Scope and arrangement
The Papers of Harold Edward Pickett (3.0 l.f., 1965-1988) consist of letters, typescripts of Pickett's poems and articles, clippings, printed ephemera, and some miscellaneous items. The collection is small but provides useful insights into the origins and development of gay rights activism within New York City during the 1970's, as experienced by Pickett through his own activism and writings.
The papers provide very uneven coverage of Pickett's life. The basic biographical details of his life are documented weakly or not at all. Few personal records, save for some college records, are included in the papers. Hence it is unclear, for example, what job(s) Pickett held, for whom he worked, or whether he ever earned a college degree. Compensating for this, however, are records which provide a fairly detailed picture of what, for Pickett, was of inestimably greater importance: his identity as a gay man. In his dream notebooks, EST seminar workbooks, and journalism, Pickett left valuable recollections of his childhood, development of his sexual identity, his own response to his homosexuality, the path leading to his coming out while at Hunter College, and his relations with other gay men in pre-AIDS times. Unfortunately lacking is almost any documentation of Pickett's years in San Francisco (1967-69) and his struggle with AIDS during the late 1980's.
The collection's strength lies in its documentation of New York City gay rights activism (especially ca. 1974-80), particularly as it was experienced and influenced by Pickett. Pickett first sought a means of exploring and communicating his own sexual identity and found it in his poetry. Although few of his poems were ever published, the surviving drafts provide useful insights into Pickett's own attitudes toward the gay rights movement.
Pickett next sought through political activism to work toward the fundamental recognition and acceptance of gays by society at large. The clippings, printed ephemera, and limited amount of correspondence in the subject files are helpful in showing how, while at Hunter College, Pickett became part of a small circle of gay activists who remained very influential in New York gay rights circles into at least the mid-1980's. Particularly interesting is the collection's documentation on how gay activists continually expanded and redefined their notions of what gay 'liberation' really entailed. Pickett's articles and subject files, for instance, show gay activists during the late 1970's extending the reach of gay rights to all aspects of society and seeking to define their roles within movements as diverse as anarchism and atheism. Also touched upon are the tensions that developed between lesbian and gay activists as to whether their movements should be merged or separated. Of special note are the files Pickett assembled on the North American Man/Boy Love Association (NAMBLA) and how, by testing the limits of what was considered acceptable gay behavior, NAMBLA proved a disruptive influence in New York gay rights circles.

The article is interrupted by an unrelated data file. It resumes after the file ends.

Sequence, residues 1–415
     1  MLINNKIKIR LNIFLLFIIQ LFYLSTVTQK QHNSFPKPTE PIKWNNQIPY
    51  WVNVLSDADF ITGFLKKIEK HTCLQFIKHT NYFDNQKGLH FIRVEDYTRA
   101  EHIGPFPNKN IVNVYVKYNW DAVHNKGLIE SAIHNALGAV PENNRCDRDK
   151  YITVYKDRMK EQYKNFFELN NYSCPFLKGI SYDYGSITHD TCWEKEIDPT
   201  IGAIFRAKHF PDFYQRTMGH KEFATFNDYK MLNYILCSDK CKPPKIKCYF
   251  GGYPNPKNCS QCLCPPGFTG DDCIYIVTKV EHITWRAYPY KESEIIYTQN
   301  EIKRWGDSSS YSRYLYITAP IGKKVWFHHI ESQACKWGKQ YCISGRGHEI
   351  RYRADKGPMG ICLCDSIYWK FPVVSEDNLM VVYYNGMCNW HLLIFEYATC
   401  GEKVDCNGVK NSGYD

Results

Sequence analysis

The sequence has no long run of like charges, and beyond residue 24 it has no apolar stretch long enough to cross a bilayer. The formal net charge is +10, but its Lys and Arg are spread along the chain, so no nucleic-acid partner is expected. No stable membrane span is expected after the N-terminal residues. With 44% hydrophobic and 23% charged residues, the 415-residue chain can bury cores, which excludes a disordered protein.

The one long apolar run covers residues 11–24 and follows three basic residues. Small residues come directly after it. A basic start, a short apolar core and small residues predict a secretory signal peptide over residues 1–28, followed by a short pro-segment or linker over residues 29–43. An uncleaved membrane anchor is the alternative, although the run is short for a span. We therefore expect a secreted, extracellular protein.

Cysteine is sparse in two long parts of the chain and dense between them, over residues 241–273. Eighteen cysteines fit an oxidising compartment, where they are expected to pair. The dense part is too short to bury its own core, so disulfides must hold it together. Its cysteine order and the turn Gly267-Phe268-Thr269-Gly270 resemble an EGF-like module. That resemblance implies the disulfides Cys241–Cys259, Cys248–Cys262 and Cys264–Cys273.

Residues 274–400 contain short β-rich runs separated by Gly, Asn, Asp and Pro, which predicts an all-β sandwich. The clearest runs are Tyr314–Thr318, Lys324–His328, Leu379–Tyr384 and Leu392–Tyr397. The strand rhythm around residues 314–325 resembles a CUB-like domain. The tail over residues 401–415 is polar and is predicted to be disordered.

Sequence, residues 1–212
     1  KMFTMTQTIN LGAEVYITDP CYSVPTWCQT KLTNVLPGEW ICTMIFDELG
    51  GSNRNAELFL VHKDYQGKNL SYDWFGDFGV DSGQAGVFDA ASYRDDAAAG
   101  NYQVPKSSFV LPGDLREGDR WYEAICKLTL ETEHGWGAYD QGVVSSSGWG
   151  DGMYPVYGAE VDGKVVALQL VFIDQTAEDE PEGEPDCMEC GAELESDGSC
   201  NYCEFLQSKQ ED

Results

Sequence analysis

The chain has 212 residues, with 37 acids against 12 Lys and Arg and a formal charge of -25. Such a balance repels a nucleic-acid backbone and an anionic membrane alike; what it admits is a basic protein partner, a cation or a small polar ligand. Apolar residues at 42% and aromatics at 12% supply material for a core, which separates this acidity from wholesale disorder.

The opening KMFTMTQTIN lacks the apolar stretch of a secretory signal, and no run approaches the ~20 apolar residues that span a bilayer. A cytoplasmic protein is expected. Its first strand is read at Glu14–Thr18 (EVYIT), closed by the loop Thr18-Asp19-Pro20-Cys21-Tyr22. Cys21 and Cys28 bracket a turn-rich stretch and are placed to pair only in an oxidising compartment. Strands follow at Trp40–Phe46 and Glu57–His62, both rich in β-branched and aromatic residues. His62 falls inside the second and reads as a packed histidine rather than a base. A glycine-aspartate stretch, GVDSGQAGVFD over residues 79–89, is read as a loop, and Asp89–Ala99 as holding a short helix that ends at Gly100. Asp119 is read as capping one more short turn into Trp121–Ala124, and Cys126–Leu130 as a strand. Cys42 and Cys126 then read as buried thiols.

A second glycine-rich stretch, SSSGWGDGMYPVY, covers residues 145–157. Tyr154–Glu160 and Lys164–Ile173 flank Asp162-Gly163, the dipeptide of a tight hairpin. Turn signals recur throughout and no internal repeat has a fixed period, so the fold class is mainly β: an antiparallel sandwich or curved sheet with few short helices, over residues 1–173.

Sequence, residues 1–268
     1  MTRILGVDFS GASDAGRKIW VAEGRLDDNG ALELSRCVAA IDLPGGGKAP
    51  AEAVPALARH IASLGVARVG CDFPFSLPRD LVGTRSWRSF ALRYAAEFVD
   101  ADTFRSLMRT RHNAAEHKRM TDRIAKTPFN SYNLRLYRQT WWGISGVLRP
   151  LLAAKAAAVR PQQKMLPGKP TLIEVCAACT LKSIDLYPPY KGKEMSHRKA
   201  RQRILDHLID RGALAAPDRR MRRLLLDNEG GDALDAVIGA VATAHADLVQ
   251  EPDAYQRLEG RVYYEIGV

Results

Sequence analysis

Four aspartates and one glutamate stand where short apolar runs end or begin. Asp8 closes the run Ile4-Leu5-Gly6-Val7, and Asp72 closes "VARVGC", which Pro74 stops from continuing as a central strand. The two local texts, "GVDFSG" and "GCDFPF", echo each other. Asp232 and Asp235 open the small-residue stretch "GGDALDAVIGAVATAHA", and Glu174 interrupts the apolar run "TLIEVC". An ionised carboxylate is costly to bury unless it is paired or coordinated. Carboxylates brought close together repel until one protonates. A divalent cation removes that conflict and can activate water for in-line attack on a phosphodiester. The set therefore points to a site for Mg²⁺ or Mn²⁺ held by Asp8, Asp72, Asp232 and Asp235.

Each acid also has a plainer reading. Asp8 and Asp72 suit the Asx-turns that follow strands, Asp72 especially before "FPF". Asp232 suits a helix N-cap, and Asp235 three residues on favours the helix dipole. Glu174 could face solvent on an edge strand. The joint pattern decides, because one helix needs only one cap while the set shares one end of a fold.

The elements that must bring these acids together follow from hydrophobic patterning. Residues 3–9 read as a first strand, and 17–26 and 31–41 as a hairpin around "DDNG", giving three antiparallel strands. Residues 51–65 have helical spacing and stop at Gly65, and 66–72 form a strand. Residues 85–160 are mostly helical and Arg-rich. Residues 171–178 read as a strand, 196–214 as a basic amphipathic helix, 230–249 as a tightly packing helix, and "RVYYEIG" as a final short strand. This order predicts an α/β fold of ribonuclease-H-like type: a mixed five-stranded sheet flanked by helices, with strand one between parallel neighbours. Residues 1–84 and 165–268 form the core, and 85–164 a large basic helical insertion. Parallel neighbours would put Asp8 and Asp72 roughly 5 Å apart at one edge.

The value of Pickett's subject files is somewhat weakened in that they stress his role as journalist and observer of the gay rights movement while obscuring his own active participation in the events he chronicled for the gay press. Pickett's journalistic objectivity and detachment prevented him from mentioning his own involvement in various demonstrations and organizations; yet the clippings often reproduce photographs of demonstrations in which Pickett features prominently. The relative lack of correspondence or other primary documentation will disappoint researchers seeking to probe beneath the gloss of Pickett's journalism.
The papers are similarly disappointing in their paucity of information on Pickett's founding, editing, and publishing of New York City News (1980-85). There is virtually no documentation on the founding of New York City News or Pickett's reasons for doing so; no business, financial, or circulation records; and almost nothing on its cessation in 1985. The small amount of correspondence and few editorial files are helpful in assessing how Pickett employed New York City News in furthering the gay rights activism of his friends and promoting those gay community issues of most interest to him. Still, researchers will learn more about New York City News and its role in New York's gay community by examining the published issues.
The Harold Pickett papers are arranged in seven series:
- 1968-1987 [bulk 1977-1980; 1986-1987].2 l.f. (1 box)Correspondence is arranged chronologically, with separate folders for major correspondents arranged alphabetically, and is almost exclusively incoming.